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Red sores in front of cat's ear.

Species: Cat
Breed: Domestic LH
Age: 8-11 years
Hi Dr. Haynes

Thank you for offering this service and reviewing my question. My 10-year-old long hair tabby has a slight history of allergies. He is an indoor cat that weighs 14.5 lbs. When he was a kitten, he would rub his temple until the fur wore away. My vet at the time gave something to treat it, although that memory is long lost to me now nearly 10 years later. The problem appears to have resurfaced, hence my contacting you.

I'm writing to you because my cat has rubbed and scratched the area right in front of his ear so often lately that scabs have formed and his fur has worn away. As a side note, he also did this to the other ear, but it healed and is fine now. He doesn't seem to be rubbing / scratching insistently; however, he does it often enough (let's say once every other day) to open up his scabs on the affected ear. He has no other places on his body that are irritated in the least. Everyday, he has a little bit of eye discharge, that I clean. Since the scabs seemed to have worsened, I changed his litter to a "crystal" type in the event the gravel dust was irritating him, and I also switched him to Science Diet sensitive skin formula. He was eating Evo, Royal Canin, and grain-free types.

I took him to the vet last week to ensure he didn't have ear mites or something of that nature. They gave him a clean bill of health but with a steroid shot in the hopes that his allergies and desire to scratch may subside. He also received some sort o antibiotic shot. However, much is the same here, and he is only aggravating the scabs by scratching and reopening them. I feel so terrible for him, although he acts as this doesn't hurt or bother him. He may be a little more stand-offish than usual. He is a very scared and defensive cat when taken to the vet, and I am hesitant to take him back when not much has changed. They are asking that I return, but it is so traumatic for him that I am reconsidering that move. Upon his last vet visit, his scabs began bleeding even in lack of his rubbing them; I assume his blood pressure was very high due to the stress and fear he was experiencing at the vet's office. I wanted to ask you a few things:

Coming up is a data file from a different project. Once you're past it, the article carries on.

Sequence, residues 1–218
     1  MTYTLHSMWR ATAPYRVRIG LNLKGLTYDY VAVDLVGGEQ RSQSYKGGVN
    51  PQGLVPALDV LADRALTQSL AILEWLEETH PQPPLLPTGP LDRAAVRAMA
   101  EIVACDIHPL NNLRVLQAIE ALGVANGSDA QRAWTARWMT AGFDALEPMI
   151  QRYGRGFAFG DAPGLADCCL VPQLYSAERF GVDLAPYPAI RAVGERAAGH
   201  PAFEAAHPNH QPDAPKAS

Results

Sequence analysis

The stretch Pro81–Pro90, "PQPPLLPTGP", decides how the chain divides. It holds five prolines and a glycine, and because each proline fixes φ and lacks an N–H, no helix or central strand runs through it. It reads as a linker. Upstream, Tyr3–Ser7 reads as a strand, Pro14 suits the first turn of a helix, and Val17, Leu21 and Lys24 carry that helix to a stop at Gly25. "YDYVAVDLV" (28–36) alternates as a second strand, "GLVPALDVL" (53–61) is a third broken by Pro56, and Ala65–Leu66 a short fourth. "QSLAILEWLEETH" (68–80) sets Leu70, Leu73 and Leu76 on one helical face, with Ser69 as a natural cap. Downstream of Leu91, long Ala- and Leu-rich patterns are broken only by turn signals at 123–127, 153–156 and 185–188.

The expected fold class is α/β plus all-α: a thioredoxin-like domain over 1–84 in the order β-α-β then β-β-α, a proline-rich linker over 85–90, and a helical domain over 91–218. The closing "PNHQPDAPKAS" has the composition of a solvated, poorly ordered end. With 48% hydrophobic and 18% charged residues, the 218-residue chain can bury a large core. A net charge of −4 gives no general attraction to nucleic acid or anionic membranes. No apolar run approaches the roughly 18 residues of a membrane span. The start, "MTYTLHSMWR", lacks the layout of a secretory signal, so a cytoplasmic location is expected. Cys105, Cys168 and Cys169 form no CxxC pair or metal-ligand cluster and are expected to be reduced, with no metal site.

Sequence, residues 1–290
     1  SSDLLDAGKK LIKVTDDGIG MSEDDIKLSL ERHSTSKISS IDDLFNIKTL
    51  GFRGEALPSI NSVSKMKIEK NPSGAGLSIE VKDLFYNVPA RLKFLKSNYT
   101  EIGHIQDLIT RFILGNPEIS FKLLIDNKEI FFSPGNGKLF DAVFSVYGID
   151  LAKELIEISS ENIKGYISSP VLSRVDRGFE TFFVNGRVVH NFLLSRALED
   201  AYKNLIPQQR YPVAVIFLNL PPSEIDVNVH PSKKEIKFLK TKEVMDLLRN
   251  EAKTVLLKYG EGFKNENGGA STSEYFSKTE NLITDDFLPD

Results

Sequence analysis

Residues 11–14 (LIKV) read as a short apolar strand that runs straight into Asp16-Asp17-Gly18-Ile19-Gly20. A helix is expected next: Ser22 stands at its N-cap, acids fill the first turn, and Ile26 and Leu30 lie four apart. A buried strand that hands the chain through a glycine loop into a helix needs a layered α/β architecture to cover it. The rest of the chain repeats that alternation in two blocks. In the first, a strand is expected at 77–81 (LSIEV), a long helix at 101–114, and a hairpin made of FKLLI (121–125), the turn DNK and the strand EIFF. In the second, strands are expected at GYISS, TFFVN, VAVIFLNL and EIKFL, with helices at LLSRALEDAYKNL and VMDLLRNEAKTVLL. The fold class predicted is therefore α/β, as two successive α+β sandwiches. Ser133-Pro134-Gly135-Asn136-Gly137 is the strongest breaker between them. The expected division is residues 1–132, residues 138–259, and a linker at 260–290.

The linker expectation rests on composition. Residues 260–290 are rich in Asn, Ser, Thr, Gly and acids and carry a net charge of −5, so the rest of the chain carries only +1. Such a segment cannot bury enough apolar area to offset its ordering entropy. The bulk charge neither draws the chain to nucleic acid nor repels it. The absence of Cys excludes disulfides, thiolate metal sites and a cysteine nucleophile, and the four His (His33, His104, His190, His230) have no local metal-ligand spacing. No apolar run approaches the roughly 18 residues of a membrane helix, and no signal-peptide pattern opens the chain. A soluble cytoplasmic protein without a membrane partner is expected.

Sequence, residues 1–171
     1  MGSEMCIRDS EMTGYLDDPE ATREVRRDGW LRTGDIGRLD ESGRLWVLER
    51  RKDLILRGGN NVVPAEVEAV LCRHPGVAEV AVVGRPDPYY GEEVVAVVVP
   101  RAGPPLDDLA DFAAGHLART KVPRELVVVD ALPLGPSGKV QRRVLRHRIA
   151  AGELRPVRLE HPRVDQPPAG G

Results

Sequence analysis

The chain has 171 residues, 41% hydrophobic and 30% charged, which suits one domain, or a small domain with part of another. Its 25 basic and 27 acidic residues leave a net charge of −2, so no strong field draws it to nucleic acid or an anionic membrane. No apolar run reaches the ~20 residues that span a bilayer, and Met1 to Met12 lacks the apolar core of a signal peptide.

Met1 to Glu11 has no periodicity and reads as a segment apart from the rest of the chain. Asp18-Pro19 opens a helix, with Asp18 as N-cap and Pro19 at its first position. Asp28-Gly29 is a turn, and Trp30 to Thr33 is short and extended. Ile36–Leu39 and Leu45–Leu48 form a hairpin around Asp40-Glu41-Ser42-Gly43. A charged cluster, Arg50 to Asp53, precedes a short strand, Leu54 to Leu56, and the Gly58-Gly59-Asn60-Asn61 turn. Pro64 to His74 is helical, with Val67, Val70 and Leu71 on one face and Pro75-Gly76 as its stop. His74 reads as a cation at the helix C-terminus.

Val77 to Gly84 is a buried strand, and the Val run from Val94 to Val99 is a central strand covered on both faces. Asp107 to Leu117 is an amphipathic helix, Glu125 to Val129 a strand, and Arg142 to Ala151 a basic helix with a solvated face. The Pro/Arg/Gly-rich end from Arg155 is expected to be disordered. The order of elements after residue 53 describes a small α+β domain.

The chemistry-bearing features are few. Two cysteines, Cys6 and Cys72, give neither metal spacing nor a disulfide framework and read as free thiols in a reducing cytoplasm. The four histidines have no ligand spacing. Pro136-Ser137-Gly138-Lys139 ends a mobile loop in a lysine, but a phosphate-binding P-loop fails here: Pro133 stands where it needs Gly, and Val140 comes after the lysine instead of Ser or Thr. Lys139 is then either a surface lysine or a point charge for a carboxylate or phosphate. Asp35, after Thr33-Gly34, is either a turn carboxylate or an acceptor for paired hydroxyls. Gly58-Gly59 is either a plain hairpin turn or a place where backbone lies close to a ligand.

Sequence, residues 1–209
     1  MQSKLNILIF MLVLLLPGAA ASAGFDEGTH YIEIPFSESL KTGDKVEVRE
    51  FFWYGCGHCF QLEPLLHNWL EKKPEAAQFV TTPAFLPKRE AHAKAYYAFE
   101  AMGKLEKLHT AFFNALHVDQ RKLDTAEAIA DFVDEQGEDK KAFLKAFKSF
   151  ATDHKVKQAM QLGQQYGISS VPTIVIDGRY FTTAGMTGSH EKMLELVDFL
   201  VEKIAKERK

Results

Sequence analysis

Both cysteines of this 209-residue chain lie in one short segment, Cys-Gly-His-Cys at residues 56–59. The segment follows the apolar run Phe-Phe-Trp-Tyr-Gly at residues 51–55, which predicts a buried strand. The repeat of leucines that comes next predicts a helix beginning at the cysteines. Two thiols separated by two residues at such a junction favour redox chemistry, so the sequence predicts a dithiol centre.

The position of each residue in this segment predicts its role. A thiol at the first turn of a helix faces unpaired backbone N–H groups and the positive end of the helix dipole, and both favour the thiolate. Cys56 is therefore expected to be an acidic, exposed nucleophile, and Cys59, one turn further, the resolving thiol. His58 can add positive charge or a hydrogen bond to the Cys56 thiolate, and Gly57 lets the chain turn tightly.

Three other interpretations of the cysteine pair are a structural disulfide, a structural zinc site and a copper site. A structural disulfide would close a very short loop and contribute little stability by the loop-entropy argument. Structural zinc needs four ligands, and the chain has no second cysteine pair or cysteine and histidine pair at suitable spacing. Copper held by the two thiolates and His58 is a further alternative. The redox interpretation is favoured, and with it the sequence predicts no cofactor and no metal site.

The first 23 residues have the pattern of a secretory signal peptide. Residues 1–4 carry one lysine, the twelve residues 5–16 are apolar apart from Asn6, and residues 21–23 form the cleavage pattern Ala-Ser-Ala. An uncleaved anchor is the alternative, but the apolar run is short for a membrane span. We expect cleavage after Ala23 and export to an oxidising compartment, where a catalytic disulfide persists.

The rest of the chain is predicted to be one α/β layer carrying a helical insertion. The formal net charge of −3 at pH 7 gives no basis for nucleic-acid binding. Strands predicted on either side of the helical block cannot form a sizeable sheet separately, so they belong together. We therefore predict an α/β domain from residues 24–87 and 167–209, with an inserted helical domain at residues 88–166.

1) Is there any medication on the market that may help him? I realize you cannot prescribe, so I am only requesting advice.
2) Are there any triple antibiotics that may accelerate the healing process other than Neosporin cream?
3) At what point does he need an Elizabethan collar? I am so resistant to this, but I want him well. I have ordered a soft cone in the event I must use one. He has never worn any collar of any variety, and I predict he will not like this at all.
4) Have you any other advice, questions, and/or recommendations that may alleviate his situation?

I also emailed a photo - Albeit out of focus, it's the best I could do for the moment. Thank you in advance for your help.

Thanks
Victoria


Online vet, Dr. Marie

Dr. Marie replied:

Thanks for the photo of Spartacus. Even though it's a little fuzzy it is very helpful.

sore in front of cat's ear